When one day I woke up emotional, nauseous and foggy headed I thought I was sick. I thought I was exhausted, overextended. Because both of my prior pregnancies had been acts of intention, acts in which I was deeply in-tune with my body, I had known that I was pregnant and could prepare myself for the onslaught of what was to come. This third time was different. I was psychologically unprepared and of course we are unprepared for much of what happens in our lives, we can not control for all the wonder and all of the trauma, but in our most intimate spaces, that is where, in a chaotic world, we should be able to have a bit more control. And here I was vomiting and spinning and peeing on a stick. When that little plus sign revealed itself there was not a chance in the world that I could be the mother I am to my children to a third being. Not only could I not co-sleep and nurse and commit the time it takes to love and nurture a small creature, I could not endure the vomiting and complete dysfunction. How could I care for the children I already had that needed me then and there while I was splayed on a bed unable to perform basic daily acts of living? I called Planned Parenthood, but they couldn't see me for three weeks. I called my OBGYN who had once performed an abortion in our local university hospital and had been shunned for the act. I called my midwife who suggested a clinic on the west side of Chicago. They saw me the next day. We talked, they counseled me on my options, they did an ultra-sound and we set a date.
Surgery only happens at the clinic on Tuesdays and Thursdays. It was snowing and cold the Thursday my husband and I showed up. There were protestors outside the parking lot yelling at us as we drove in. After check-in my husband went out to engage in rational conversation with the protestors, but they had departed. I was fuming thinking about religious and personal freedom. Wondering if the picketers believed in universal healthcare and improving the quality of our public education system. But they were gone. I was led into a locker room with a group of other women and given a gown, told to change into it and take a seat in the waiting room. We were all silent and made similar by our condition and our dress. There was some awful daytime television show on with lovers quarreling and being instigated by the host. It felt surreal. It felt as if, by virtue of our choice, we had lost some of our humanity, our dignity. This was not in fact the case, but when we exchanged our clothes for these gowns, we became a part of a universal story and not an individual story. We were women who did not want to have children, at least at that time. This was a sisterhood of a sort, but instead of feeling a sense of empowered camaraderie, the space felt shrouded by shame and anxiety. I wanted to know the story of every single woman in there, to know what had happened in her life before today, what she dreamed would happen in the days and years to come, but nobody was feeling up to conversation and so we sat watching lovers attack each other, eager to get back to our lives as we knew them. To get back to being a teenager, a college student, a young woman ready to embrace the opportunity of the life before her.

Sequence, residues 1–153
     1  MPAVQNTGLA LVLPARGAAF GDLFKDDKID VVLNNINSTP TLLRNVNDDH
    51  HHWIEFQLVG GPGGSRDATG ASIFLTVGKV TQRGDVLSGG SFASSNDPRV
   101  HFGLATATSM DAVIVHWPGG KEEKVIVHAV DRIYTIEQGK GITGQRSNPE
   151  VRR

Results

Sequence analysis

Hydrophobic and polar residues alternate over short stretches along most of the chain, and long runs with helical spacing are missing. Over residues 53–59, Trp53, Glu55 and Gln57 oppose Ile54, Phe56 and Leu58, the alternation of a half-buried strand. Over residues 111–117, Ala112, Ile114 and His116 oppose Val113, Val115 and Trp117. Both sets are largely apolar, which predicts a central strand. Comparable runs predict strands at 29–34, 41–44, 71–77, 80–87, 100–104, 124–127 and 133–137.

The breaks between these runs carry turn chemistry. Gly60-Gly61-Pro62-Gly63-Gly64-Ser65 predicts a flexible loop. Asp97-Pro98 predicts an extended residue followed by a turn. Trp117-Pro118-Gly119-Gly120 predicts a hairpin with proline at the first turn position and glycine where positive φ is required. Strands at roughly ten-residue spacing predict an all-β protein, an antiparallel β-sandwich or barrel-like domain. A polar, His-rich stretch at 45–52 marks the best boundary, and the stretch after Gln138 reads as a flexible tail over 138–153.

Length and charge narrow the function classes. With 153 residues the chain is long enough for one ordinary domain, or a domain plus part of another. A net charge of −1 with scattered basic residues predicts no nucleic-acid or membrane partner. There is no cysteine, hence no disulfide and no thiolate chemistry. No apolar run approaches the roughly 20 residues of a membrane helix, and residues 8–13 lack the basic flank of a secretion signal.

While we sat there I looked around at the faces of these young women, some running to the bathroom to vomit, many clearly uncomfortable, and thought about how abortion gave all of us a second chance. A chance to be more intentional with our lives. To give life to an unwanted child feels like a trauma unto itself, both for the mother and the child for whatever reason. And there are many reasons not to have children. For me, given the trends of a warming climate, (it is 72 degrees today in Chicago, it is February 2017. My children wore shorts and t-shirts to school today.) the legacy we are leaving behind for future generations will likely be one of great suffering. We are seeing climate refugees all over the globe and this is merely a beginning of mass migrations. We will continue to see conflicts over increasingly limited resources. Wealthy nations, ahem, are closing their borders and devising schemes to keep out those who seek the possibility of a new life with access to clean water, food, healthcare. I fear that this is the trend for humanity, that wealthy nations that consume the majority of the world's resources and contribute most to the warming of the planet will become these protectionist spaces, exploiters safe havens. I do not want that for my children or my grand-children or any of the people of the world. By having children in a first world country I am contributing to global warming, despite my efforts to counter the impact. And so for me, one less child was a little less impact. Some would question why I had children at all then, the reasons, perhaps, are purely selfish.